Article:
Fresh Brexit challenge launched at High Court

Fresh Brexit challenge launched at High Court

Fri Dec 30, 2016 3:35PM

A new set of legal challenges regarding Britain’s bid to exit the European Union (EU) has been launched against the UK government, asserting that London is to remain in the single market even after Brexit.

The legal challenges were launched by four anonymous campaigners at London’s High Court on Thursday, with the claimants saying that Britain will remain in the European Economic Area (EEA) and the single market after withdrawal from the 28-member bloc.

The claim argues that Britain’s exit from the EEA needs separate parliamentary approval, allowing for tariff-free trade and free movement of people.

This is while the British government and the European commission insist that the UK leave the EEA the moment Brexit is triggered.

The British Guardian daily said the Thursday claims, in the names of those identified only as W, L, T and B, had been accepted by the High Court.

“We are seeking a declaration that the UK cannot withdraw from the EEA without the approval of HM Treasury and an act of parliament,” said S. Chelvan, one of the barristers involved in the claim.

“These are ordinary working men and women who have decided to make their futures in the UK and wish the UK to be their permanent home. One has mixed nationality; one is a non-EEA national but married to an EEA national. We are trying to highlight the various types of people who will be left in a state of limbo following our withdrawal from the EU,” he added, referring to the four anonymous claimants.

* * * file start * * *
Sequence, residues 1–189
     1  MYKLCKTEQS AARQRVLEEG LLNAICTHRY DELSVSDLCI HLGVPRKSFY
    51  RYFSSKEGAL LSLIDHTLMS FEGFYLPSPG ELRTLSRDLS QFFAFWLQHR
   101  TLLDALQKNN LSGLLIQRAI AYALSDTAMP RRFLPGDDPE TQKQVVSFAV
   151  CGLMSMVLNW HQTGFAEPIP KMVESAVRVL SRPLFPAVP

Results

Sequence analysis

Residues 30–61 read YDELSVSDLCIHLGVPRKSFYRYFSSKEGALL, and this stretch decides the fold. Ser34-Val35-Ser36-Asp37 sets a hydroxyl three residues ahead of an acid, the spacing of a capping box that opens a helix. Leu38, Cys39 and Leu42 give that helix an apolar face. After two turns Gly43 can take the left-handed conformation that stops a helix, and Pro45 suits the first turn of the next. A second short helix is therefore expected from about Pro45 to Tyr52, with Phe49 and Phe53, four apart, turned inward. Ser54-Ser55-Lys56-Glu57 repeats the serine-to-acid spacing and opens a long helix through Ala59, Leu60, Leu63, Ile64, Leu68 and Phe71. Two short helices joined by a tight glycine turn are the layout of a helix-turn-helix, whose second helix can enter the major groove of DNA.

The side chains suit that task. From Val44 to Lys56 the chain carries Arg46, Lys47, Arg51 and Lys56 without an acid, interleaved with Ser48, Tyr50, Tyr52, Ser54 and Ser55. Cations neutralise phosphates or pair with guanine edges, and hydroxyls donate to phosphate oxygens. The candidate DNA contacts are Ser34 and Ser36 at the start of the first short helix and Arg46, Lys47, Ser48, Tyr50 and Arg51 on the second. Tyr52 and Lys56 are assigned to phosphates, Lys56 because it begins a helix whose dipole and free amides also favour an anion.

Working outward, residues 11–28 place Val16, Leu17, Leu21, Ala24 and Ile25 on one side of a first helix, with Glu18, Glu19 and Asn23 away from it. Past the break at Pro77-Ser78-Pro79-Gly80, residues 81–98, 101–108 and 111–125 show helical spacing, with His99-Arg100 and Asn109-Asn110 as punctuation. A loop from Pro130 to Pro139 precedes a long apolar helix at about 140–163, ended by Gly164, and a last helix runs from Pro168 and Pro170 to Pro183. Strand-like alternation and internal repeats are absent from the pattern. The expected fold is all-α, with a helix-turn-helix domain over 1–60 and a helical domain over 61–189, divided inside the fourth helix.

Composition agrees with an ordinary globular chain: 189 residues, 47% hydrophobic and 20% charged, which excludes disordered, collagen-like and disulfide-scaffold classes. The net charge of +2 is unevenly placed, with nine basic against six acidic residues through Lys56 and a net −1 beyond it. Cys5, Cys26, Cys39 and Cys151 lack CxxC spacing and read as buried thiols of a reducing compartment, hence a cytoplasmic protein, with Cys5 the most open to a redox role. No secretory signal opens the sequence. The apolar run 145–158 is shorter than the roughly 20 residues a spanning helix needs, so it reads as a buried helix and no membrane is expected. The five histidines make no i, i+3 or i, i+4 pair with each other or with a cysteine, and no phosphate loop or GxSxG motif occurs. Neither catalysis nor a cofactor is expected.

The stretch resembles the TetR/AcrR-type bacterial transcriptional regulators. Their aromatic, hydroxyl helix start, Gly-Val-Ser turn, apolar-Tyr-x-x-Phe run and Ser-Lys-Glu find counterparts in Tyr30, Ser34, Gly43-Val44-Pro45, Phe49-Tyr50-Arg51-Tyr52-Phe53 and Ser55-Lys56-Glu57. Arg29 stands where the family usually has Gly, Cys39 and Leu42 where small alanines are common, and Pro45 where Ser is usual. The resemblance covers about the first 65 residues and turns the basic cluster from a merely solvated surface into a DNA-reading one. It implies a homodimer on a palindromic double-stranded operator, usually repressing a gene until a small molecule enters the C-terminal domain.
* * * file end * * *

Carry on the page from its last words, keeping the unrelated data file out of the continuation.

The campaigners claimed that under article 127 of the EEA agreement, contracted parties – including the UK – have to give at least 12 months’ notice before leaving, a move that suggests a separate departure process from that of Article 50.

In a referendum held on June 23, nearly 52 percent of British voters, amounting to more than 17 million citizens, opted to leave the EU, a decision that sent shock waves throughout the world.

British Prime Minister Theresa May has said she will begin the formal withdrawal process by the end of next March. Her critics accuse her of having no precise plan to start the negotiations.

Meanwhile, the UK Supreme Court, which has heard a landmark case to decide whether the government can trigger the process of Britain’s exit from the EU without the parliament’s approval, is expected to deliver its judgment before the end of January.

If the court upholds the High Court’s ruling, that could disrupt May’s planned timetable for invoking Article 50 by March and derail the government’s wider Brexit plans.

Once Article 50 is triggered by an EU member state, there is a two-year time limit to complete negotiations. If negotiations fail to reach an agreement, the member state leaves the bloc with nothing.

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